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Biden supports global tax on multinationals

If there is ever an international agreement on the heavier taxation of multinationals, the week after Easter 2021 may prove to have been historic for this. The United States – under Donald Trump still the thug in this area – under Joe Biden this week is sending two important messages. On Monday, Finance Minister Janet Yellen advocated a global minimum profit tax rate. And on Wednesday, the US made proposals for taxing large companies, such as tech giants, in countries where they make their sales.

A worldwide minimum rate and the hiring of multinationals – these are exactly the two ‘pillars’ of the consultations on taxation by the OECD, the think tank of rich countries. That consultation was deadlocked under Trump. Now that Biden wants to join in, hopes are growing internationally for a deal that tackles tax avoidance and forces companies like Facebook and Amazon to pay more tax.

What exactly do the Americans want and how does this relate to those two ‘pillars’ in the OECD consultation?

Pillar 1: minimum rate

First of all, the minimum rate for profit tax (corporate tax). Yellen advocated a Chicago think tank for an “end to the thirty-year race to the bottom” in the profit tax paid by companies. On average, the income tax rate in rich countries fell from 38 to 22 percent between 1990 and 2018, according to data from the International Monetary Fund (IMF). In practice, this is often much less. Biden said last week that 91 Fortune 500companies, including Amazon, pay “not a single penny” of federal income tax. He and Yellen are now advocating an international minimum rate of 21 percent.

The Biden administration wants to increase domestic corporate tax, which Trump lowered from 35 to 21 percent, back to 28 percent. This is to finance the gigantic US government spending – $ 1,900 billion in corona support (1,594 billion euros) and 2,300 billion for infrastructure and greening (1,929 billion euros). To prevent American companies from moving to tax havens, they must pay at least 21 percent tax on their foreign profits. Those who pay less elsewhere will still be taxed in the US to 21 percent (now 10.5 percent). The minimum rate of 21 percent should become internationally binding.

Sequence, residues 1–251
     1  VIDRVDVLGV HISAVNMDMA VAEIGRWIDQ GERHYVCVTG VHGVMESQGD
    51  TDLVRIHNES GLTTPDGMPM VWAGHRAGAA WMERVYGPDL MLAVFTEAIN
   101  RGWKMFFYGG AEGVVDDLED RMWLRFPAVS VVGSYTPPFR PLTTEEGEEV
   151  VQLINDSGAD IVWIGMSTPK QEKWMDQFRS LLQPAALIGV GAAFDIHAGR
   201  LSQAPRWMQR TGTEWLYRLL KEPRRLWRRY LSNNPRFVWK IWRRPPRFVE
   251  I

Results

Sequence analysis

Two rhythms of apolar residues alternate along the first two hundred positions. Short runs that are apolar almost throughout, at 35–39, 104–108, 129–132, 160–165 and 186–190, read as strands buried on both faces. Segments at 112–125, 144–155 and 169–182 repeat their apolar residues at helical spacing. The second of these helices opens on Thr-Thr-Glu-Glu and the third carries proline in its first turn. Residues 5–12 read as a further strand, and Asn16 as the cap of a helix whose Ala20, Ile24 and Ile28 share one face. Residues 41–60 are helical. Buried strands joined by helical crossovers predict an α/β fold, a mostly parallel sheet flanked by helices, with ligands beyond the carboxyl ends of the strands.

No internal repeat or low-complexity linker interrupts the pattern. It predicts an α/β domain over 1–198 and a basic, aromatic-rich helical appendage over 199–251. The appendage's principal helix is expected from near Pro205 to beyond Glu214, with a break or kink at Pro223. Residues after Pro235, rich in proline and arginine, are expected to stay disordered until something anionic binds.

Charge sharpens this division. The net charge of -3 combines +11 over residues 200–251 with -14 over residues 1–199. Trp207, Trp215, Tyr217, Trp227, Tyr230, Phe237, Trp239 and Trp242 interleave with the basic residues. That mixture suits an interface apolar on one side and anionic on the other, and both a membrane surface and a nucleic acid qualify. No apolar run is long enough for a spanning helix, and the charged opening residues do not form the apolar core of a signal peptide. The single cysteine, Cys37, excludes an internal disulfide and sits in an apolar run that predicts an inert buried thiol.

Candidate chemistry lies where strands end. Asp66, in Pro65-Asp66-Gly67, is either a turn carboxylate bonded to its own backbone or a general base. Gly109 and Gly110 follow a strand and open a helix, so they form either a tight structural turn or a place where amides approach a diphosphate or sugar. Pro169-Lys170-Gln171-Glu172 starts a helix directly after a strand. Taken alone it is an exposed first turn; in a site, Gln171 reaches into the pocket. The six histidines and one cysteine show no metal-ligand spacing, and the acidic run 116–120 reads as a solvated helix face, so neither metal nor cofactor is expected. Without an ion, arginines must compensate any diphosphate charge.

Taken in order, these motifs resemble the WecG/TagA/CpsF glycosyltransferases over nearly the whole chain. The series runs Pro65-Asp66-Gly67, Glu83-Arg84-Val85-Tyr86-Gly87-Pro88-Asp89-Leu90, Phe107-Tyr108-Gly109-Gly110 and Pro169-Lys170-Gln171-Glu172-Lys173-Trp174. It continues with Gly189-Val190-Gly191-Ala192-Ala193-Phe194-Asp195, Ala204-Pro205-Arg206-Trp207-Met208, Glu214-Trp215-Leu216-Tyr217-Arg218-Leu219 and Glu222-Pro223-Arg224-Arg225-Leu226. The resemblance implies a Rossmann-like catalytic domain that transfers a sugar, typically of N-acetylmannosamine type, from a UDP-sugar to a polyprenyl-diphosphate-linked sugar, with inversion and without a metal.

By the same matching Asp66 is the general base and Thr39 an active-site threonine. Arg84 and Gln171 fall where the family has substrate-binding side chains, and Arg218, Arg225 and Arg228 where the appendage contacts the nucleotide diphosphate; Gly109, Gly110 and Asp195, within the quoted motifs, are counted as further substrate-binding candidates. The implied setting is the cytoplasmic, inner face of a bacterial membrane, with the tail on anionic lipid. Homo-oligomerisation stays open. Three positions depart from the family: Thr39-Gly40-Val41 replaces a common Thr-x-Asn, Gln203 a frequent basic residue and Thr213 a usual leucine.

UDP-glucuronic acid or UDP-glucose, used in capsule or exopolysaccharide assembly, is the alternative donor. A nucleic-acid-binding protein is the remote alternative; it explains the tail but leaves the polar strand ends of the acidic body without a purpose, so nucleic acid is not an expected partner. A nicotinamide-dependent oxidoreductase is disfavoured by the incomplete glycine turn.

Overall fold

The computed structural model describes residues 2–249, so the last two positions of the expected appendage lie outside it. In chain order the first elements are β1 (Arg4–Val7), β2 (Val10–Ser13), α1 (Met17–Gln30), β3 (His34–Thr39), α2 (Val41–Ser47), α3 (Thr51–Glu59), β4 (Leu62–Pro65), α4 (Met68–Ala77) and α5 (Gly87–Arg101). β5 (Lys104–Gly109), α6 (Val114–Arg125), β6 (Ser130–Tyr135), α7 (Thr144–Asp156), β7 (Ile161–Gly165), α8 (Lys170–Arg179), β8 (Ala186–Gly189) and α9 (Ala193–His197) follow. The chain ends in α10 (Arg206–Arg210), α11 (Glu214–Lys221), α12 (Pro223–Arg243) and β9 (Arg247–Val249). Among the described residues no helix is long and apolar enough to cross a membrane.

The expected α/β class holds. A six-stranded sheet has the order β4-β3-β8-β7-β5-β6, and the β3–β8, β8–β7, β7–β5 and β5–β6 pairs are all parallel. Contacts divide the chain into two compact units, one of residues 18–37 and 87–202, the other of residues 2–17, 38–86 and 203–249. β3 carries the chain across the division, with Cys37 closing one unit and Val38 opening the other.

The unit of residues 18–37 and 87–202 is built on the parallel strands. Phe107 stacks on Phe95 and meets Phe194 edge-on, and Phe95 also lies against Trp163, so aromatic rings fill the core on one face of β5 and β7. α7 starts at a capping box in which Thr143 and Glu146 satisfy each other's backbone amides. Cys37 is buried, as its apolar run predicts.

The OECD has also proposed an international minimum rate. This has been lower so far: 12.5 percent. Countries would be entitled to extra tax ‘at home’ companies that pay less than this percentage abroad, as the US also wants to do. Not only the 37 member states, but also 102 other countries, including China and India, are participating in the OECD tax consultation in Paris.

The significantly higher minimum tariff of 21 percent proposed by the US poses a threat to countries that compete with low tariffs. Those are known offshoreports such as the Cayman Islands and Barbados, but also EU countries such as Ireland (12.5 percent) and Hungary (9 percent). The Dutch rate is 25 percent.

Incidentally, it is not so much the official rates that are important for corporate tax, but mainly the effective rates. Quite a few countries attract companies with exceptions, deductions and other sweeteners. The OECD wants to pay more attention to effective tax rates.

Also read: The Netherlands again high on the list as ‘tax haven’

Pillar 2: tax across the border

More news came from the US on Wednesday. In a letter to the participants of the OECD consultation, from which the Financial Times quotes, the Americans presented a plan to make the largest corporations pay taxes in markets where they operate, not just their countries of origin.

The global debate about this is fueled by the discontent, especially in Europe, about the earnings model of ‘Big Tech’. Apple, Amazon, Facebook and Google use (free) data from Europeans and make a lot of profit, but this is deposited with regional head offices, often located in a country with low profit tax (Apple and Google are in Ireland). That is why more and more countries want to tax digital services of foreign companies themselves. To put pressure on the OECD consultations, several European countries have already individually introduced a ‘digital tax’ on digital services, including France, the United Kingdom and Spain.

The Biden government recently threatened these countries with reprisals, but is now making a major concession. The US is open to taxation of the largest global companies in the markets where they make their money. It is unclear whether it only concerns digital services. Large European companies, such as German automakers or the French luxury conglomerate LVMH – are making big profits in the US and China.

Within the OECD, one of the most difficult discussions is whether tech companies should be treated differently from ‘traditional’ companies. Some countries, such as France, believe that these companies have a radically different business model. Other countries, such as the Netherlands, point out that the entire economy is digitizing and that a new tax regime must apply to all companies.

Biden supports global tax on multinationals
Source link Biden supports global tax on multinationals

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